At least 36 journalists at Qatari state-run news organisation Al Jazeera were targeted between July and August in an online attack that can be linked to the governments of the United Arab Emirates and Saudi Arabia, a cyber security watchdog said in its report, released on Sunday.

University of Toronto-based Citizen Lab said the malware that infected the journalists’ phones was traced back to the Israel-based cyber intelligence company NSO Group, which has been previously criticised for selling spyware to governments.

“In July and August 2020, government operatives used NSO Group’s Pegasus spyware to hack 36 personal phones belonging to journalists, producers, anchors, and executives at Al Jazeera,” the report said. “The personal phone of a journalist at London-based Al Araby TV was also hacked.”

Only through push notifications, the malware facilitated the phones to upload their content to servers linked to the Israeli firm, Citizen Lab said. This turned the phones of the journalists into powerful surveillance tools without them being lured to click on suspicious links or texts.

NSO Group’s Pegasus spyware is a mobile phone surveillance solution that allows to remotely exploit and monitor devices. The company has been accused of selling surveillance technology to governments around the world. According to leading researchers at Citizen Lab, the NSO Group is moving towards zero-click exploits and network-based attacks that allows infiltrating into phones without any interaction from the target, and does not leave any visible traces.

The phones of the Al Jazeera journalists were made vulnerable to the attack with the use of an “exploit chain” that appears to involve an “invisible zero-click exploit in iMessage”, according to the Citizen Lab’s report. “The journalists were hacked by four Pegasus operators, including one operator MONARCHY that we attribute to Saudi Arabia, and one operator SNEAKY KESTREL that we attribute to the United Arab Emirates,” it said.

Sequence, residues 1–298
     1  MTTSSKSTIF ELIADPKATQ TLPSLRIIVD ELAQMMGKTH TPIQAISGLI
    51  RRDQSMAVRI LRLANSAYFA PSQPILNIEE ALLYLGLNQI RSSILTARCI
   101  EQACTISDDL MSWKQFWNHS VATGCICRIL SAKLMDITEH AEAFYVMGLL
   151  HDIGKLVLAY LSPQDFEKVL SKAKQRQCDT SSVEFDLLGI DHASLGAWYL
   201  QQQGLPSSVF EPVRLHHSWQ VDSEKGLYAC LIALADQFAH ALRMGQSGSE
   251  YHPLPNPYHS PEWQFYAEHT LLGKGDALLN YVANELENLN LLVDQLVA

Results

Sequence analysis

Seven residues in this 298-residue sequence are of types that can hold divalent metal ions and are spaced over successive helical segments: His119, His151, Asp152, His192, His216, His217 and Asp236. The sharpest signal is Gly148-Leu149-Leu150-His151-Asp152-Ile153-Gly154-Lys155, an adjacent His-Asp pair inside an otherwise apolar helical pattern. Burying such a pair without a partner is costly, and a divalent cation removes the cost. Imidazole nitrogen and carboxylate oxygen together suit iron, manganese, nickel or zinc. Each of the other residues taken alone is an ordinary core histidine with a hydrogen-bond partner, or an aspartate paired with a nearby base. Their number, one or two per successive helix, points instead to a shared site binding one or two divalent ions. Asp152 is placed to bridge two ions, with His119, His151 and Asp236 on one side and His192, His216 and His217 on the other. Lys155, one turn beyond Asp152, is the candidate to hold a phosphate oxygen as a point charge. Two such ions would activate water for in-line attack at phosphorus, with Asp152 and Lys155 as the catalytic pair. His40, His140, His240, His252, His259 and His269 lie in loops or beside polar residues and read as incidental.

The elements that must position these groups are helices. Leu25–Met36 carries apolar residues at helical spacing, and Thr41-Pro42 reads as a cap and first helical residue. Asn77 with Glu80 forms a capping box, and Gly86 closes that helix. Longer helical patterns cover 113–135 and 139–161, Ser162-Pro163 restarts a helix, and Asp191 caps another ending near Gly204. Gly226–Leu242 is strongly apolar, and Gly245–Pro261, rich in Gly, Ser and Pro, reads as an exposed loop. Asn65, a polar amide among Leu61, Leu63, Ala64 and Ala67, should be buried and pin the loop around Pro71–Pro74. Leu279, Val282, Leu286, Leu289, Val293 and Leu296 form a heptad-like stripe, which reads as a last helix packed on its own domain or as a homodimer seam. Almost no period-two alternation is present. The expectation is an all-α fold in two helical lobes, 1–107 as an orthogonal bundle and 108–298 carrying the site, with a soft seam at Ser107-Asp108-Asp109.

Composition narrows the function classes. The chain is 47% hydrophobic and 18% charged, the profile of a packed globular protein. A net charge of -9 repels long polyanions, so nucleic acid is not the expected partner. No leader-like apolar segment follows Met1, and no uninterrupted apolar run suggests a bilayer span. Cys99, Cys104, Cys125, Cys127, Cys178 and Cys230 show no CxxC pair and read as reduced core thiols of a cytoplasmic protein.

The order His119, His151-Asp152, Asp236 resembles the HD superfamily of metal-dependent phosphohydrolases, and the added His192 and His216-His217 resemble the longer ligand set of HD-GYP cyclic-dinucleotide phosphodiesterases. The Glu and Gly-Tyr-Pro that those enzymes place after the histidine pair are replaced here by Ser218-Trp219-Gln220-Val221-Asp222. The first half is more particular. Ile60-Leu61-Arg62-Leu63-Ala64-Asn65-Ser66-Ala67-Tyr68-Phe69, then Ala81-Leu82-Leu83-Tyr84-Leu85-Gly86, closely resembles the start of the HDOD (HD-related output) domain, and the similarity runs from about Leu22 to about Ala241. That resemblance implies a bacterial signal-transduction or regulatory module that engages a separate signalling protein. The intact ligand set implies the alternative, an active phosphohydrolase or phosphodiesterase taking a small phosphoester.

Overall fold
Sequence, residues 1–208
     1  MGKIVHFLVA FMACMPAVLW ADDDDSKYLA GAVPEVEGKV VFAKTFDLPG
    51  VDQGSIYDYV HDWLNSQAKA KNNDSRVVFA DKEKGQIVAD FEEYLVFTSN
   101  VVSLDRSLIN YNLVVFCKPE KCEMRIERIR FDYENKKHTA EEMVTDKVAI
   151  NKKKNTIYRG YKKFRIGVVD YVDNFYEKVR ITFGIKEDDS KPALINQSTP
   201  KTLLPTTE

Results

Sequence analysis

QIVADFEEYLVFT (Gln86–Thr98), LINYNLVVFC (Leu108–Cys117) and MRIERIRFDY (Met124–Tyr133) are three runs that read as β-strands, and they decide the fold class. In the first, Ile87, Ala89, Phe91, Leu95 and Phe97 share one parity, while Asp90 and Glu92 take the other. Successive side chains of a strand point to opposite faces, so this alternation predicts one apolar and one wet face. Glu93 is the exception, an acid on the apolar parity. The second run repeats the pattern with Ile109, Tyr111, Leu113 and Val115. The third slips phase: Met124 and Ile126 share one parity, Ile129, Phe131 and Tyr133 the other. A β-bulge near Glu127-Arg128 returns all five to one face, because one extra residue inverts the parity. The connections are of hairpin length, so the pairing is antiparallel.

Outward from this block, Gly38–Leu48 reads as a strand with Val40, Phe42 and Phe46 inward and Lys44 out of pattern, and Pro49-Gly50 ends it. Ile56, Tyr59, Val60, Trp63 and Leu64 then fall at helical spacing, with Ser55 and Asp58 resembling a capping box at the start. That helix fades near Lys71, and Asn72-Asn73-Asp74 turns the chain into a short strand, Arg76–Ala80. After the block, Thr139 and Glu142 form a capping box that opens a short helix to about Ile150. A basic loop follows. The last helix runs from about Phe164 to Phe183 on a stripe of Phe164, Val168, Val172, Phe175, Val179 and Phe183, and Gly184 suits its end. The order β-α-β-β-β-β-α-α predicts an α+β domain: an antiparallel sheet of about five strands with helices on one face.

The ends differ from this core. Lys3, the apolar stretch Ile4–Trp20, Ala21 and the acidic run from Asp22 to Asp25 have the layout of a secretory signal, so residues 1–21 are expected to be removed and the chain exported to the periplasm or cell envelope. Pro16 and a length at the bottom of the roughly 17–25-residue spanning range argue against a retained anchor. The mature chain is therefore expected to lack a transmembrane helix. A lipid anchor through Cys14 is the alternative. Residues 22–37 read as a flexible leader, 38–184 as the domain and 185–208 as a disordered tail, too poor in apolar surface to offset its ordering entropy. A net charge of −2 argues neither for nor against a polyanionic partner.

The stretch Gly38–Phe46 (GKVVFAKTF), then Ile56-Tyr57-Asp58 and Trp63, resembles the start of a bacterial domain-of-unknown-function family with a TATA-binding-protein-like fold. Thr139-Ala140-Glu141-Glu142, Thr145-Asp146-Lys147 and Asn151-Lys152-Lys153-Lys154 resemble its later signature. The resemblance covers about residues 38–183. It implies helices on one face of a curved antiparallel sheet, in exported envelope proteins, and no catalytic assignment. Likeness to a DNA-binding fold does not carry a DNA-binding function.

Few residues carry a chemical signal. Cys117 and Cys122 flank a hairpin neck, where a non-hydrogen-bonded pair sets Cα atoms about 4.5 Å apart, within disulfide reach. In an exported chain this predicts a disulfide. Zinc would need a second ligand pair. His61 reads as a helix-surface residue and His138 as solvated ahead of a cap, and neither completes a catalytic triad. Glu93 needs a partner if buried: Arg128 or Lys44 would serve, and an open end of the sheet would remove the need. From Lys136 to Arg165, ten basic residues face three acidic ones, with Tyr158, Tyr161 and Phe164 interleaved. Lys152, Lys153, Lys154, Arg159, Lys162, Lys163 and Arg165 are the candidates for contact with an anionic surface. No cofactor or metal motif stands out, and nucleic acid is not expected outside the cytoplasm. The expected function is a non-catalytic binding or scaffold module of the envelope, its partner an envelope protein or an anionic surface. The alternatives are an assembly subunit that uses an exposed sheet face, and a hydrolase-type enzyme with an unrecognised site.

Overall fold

The cyber security watchdog suspects that the infiltrations observed by them were a “miniscule fraction” of the overall attacks making use of the vulnerability. “Infrastructure used in these attacks included servers in Germany, France, UK, and Italy using cloud providers Aruba, Choopa, CloudSigma, and DigitalOcean,” the report stated.

Citizen Lab’s report said that it had shared the findings with Apple and the tech company confirmed it was looking into the matter. The company reassured its customers by saying that the latest version of its operating system iOS 14 “delivered new protections against these kinds of attacks,” according to AP.

In 2019, Facebook-owned messaging platform WhatsApp was breached on at least 1,400 phones across the world. They were targeted through an exploit that was sent through a missed voice call. WhatsApp had notified the targets about the matter and later sued the NSO Group.

During a two-week period in May 2019, at least 121 Indians, including academics, lawyers, and Dalit activists, were also the target of an attempted security breach using the Pegasus WhatsApp spyware. According to the government, the personal data of at least 20 WhatsApp users was accessed by unidentified hackers. The spyware was developed by an Israeli company that claims that the software was sold to only government agencies. The government, however, has denied its role in the illegal surveillance of the devices.